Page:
I asked the pastors if their church had a guideline on an acceptable dating age, and how the leadership arrived at that number.

Said Pastor Kevin of Bartley Christian Church: “It used to be 21 years old, following the legal age limit in Singapore to do a lot of other things. But over the years, we discovered that a specific age is difficult to enforce as youths start being attracted to each other at a relatively young age.”

This led to some couples dating in secret, he said. “To avoid getting into ‘trouble’ with the leaders and authorities about dating ‘underaged’, youths tend to go undercover and date behind the backs of the church and even their parents! This could lead to other problems when youths are not accountable about their dating life.”

Pastor Ivan shared that while Hinghwa Methodist Church does not have a “prescribed age” for dating, if he was pressed for a number, it would at least be some time after secondary school: “I would highly discourage it during secondary school as they are still very much learning about themselves and others – learning to relate as friends is more important.”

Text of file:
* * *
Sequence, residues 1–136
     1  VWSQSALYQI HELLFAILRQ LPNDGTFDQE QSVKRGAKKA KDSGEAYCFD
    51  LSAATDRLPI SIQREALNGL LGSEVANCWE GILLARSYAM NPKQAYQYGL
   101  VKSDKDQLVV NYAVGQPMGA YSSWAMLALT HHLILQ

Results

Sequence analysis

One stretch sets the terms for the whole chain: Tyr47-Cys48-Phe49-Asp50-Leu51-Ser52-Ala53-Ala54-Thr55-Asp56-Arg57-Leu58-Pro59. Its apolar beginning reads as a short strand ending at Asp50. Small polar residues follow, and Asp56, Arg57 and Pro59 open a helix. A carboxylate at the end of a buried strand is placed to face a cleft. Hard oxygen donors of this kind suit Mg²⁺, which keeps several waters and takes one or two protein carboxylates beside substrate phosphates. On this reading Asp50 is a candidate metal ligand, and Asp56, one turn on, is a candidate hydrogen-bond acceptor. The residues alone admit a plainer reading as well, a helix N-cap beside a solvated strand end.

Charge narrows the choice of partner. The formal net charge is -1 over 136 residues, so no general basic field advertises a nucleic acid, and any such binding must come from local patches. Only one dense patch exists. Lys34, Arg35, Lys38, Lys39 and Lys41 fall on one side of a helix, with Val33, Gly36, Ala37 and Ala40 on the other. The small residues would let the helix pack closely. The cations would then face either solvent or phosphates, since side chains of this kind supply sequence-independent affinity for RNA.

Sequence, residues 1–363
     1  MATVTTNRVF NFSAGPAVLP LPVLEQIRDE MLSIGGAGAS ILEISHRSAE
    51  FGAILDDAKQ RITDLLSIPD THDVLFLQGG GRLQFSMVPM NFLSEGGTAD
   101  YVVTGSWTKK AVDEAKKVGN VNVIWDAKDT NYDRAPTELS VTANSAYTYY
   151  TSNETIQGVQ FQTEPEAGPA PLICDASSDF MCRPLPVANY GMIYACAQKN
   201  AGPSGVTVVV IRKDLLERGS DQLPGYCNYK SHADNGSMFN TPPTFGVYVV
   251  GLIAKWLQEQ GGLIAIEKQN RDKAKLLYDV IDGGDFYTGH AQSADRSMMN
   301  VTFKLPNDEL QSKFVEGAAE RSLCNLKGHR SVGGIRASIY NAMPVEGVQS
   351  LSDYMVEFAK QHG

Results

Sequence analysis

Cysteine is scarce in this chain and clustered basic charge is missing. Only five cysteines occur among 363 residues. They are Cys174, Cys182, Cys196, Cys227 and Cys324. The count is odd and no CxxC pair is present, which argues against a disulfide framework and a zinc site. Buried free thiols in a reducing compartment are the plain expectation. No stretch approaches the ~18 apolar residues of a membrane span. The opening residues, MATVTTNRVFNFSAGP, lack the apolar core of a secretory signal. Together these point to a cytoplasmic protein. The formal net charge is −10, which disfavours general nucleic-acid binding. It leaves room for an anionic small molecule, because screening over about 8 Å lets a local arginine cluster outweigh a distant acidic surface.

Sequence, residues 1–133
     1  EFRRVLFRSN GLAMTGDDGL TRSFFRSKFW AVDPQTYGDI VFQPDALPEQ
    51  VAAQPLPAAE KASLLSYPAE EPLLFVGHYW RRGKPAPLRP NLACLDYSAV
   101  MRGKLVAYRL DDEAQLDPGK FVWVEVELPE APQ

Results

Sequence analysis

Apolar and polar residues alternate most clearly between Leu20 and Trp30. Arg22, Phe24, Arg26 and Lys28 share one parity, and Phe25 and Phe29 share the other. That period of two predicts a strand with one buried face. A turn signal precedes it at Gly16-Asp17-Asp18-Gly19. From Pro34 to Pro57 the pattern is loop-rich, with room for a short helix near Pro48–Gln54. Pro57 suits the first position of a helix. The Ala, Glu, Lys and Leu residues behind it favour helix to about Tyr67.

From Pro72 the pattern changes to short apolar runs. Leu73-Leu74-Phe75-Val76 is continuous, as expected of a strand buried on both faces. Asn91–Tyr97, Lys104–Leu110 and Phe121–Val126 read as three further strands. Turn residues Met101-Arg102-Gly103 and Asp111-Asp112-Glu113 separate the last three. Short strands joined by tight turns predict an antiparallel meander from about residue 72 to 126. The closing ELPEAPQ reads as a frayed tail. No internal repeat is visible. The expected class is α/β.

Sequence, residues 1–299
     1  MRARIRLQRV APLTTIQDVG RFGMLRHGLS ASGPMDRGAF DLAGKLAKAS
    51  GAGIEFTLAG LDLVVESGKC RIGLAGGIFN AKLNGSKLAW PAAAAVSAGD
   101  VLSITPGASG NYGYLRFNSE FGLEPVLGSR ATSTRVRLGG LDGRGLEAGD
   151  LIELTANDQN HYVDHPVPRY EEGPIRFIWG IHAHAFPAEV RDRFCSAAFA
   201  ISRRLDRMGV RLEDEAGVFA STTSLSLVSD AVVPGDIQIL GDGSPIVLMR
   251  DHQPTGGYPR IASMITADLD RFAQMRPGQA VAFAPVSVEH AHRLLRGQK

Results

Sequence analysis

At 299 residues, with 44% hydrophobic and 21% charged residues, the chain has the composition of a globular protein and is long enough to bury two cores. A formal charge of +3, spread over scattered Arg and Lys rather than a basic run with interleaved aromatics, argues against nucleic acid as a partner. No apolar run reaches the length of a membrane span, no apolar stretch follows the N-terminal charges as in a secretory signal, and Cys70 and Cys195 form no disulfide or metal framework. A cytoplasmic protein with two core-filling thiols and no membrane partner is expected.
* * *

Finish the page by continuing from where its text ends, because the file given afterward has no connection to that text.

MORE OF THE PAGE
Accountability to older persons in the church is key, he concluded.

In both the stories of Wayne and Matthias, their church authorities had gone with the nuclear option of stepping in to end the relationship. At what point should leadership intervene, whether to guide or to end relationships?

I gave the pastors an extreme example: If they discern that a couple is highly incompatible, would they step in?